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Gradebook

Education news and notes from Tampa Bay and Florida

Today's news

12

July

Piggybank320 BUDGET BAD NEWS:  Pasco County school leaders had expected to have about $10-million available to put into raises, among other key items. A looming 4 percent revenue cut from the state puts the pay bump - perhaps including annual step increases - in jeopardy. The Pasco-Hernando Early Learning Council started talking about seeking private donations to make up any shortfall for child care and preschool programs. The University of Central Florida reacted to the pending cut by freezing hiring, the Orlando Sentinel reports. Florida Atlantic University also took steps, the Sun-Sentinel reports.

'A NEW DAY': New president James Ammons unveils an aggressive 100-day plan to put Florida A&M University back on track. He pledges to deal with financial problems, declining enrollment, employee flight and academic woes.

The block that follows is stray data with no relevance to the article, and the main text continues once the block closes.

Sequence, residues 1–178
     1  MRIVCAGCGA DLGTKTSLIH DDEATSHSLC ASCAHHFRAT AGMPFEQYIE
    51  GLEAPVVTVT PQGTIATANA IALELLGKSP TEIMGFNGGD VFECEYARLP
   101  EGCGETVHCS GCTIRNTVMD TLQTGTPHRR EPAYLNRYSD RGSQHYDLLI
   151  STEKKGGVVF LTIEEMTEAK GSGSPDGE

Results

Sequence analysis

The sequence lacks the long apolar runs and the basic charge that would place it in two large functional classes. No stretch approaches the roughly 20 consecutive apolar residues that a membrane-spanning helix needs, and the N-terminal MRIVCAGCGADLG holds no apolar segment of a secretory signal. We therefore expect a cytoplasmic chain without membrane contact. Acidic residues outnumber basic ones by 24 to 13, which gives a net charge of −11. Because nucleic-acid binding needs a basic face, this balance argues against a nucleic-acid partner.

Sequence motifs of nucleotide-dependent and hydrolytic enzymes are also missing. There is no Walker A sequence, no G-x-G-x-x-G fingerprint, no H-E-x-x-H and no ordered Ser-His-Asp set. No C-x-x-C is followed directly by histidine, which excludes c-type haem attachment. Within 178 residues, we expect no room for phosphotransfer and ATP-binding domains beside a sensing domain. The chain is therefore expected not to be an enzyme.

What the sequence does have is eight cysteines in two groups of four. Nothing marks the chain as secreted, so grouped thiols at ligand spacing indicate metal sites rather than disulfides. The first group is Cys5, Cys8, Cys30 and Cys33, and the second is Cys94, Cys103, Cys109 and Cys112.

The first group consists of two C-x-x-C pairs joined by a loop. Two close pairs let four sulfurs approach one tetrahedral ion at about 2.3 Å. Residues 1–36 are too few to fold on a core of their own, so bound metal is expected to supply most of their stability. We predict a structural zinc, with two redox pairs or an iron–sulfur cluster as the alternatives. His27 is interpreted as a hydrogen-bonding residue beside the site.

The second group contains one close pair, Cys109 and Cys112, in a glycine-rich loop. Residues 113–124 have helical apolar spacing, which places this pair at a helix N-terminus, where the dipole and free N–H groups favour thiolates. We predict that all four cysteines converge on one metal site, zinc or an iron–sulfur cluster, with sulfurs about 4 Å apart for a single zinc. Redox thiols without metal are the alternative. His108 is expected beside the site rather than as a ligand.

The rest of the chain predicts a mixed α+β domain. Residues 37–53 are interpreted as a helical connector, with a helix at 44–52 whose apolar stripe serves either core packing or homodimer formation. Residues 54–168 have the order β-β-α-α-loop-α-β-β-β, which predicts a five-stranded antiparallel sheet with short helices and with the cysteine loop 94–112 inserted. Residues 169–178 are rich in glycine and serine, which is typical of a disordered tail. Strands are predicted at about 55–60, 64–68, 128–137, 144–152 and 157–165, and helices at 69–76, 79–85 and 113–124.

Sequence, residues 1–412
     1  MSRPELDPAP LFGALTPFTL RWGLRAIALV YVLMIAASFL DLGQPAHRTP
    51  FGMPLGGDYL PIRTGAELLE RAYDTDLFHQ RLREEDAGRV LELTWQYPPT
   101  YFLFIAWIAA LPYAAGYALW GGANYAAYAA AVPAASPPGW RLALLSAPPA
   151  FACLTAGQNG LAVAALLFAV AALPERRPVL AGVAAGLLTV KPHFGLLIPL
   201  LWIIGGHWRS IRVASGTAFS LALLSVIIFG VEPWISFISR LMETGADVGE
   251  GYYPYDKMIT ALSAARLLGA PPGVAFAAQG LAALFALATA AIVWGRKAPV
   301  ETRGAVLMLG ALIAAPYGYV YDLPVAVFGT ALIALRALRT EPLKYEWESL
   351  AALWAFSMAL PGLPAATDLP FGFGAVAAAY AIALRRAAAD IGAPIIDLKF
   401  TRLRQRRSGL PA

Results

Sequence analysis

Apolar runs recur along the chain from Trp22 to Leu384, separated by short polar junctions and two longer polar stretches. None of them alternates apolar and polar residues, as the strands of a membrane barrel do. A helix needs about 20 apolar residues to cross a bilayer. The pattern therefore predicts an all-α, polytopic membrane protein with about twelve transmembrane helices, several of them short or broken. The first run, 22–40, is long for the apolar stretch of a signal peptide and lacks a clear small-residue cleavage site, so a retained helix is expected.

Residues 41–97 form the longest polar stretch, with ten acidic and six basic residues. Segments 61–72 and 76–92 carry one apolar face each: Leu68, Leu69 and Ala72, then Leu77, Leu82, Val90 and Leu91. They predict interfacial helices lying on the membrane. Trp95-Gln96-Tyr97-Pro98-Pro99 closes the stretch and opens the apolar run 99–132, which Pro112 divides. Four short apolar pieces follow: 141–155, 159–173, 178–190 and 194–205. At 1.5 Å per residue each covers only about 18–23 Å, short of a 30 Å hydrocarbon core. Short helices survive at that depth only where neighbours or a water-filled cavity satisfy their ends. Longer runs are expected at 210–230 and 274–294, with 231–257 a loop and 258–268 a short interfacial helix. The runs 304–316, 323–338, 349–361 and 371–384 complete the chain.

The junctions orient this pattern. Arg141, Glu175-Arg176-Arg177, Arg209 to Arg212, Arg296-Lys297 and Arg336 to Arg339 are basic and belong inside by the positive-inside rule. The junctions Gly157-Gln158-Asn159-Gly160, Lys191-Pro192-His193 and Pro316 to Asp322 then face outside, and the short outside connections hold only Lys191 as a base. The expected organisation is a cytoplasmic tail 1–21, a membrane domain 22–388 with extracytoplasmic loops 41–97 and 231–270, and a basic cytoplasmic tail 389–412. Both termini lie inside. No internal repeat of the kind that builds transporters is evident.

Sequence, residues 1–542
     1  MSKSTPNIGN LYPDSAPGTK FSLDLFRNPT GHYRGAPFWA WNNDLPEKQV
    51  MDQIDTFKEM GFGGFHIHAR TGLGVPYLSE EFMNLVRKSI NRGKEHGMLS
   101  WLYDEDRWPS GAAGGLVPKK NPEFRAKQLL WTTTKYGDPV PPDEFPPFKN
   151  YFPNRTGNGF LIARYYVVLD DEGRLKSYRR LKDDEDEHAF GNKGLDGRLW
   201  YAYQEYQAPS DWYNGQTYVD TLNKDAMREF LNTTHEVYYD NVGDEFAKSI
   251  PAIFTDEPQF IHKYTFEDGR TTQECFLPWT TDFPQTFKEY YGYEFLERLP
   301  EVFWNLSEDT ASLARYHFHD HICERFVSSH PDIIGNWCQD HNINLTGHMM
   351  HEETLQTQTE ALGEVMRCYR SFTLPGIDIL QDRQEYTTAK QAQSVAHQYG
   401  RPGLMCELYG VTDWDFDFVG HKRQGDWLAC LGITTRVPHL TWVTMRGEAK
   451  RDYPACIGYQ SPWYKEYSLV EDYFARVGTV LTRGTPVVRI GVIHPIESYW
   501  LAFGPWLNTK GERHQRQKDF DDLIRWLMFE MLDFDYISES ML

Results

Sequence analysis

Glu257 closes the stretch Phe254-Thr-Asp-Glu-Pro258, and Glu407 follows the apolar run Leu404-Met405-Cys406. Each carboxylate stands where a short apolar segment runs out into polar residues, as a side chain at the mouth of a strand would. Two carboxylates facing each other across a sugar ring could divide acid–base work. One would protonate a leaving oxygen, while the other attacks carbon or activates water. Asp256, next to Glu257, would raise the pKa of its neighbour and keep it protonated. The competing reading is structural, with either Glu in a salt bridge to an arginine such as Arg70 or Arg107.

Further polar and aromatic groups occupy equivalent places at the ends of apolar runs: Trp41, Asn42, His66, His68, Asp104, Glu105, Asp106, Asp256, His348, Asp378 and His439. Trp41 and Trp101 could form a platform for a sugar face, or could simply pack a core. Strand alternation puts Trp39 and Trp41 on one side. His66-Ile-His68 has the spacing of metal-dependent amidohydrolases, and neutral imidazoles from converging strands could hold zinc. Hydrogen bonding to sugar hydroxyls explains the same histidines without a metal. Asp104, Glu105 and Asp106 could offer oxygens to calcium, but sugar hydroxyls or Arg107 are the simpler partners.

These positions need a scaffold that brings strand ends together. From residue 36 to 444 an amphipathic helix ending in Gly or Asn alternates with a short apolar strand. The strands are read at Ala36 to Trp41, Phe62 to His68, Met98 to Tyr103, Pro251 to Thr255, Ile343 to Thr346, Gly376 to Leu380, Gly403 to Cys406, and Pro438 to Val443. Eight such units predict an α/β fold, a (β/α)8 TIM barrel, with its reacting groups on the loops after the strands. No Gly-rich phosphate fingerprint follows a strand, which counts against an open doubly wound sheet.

NO JAIL TIME: Cheryl Foster-Lawrentz, the former Chamberlain High teacher who stole almost $10,000 from the senior class, gets deferred adjudication and probation for her crime. She's also been banned from jobs in Hillsborough schools.

SEEKING COUNTY SEAT: Ousted from office last year, former Hernando School Board chairman John Druzbick plans to run for County Commission.

THE BOOKS STAY: The Palm Beach School Board denies a mom's request to remove dozens of titles from two high school libraries, the Sun-Sentinel reports.

CREW DENIED: Miami-Dade superintendent Rudy Crew, a highly celebrated education innovator in many circles, gets his worst performance review ever - and no raise - from his School Board, the Miami Herald reports.

THEY DO IT IN FLORIDA: A local Utah school board raises its pay 300 percent, and two other boards look to do the same. The rationale? "When we go to national conventions, we hear a school (board member) in Florida getting $60,000 a year, and ... they still have other careers," Alpine board president Debbie Taylor told the Deseret News.

BOOST FOR COLLEGE LOANS: The U.S. House passes legislation to boost college financial aid by $18-billion over the next five years, the Washington Post reports.

[Last modified: Tuesday, May 25, 2010 9:19am]

    

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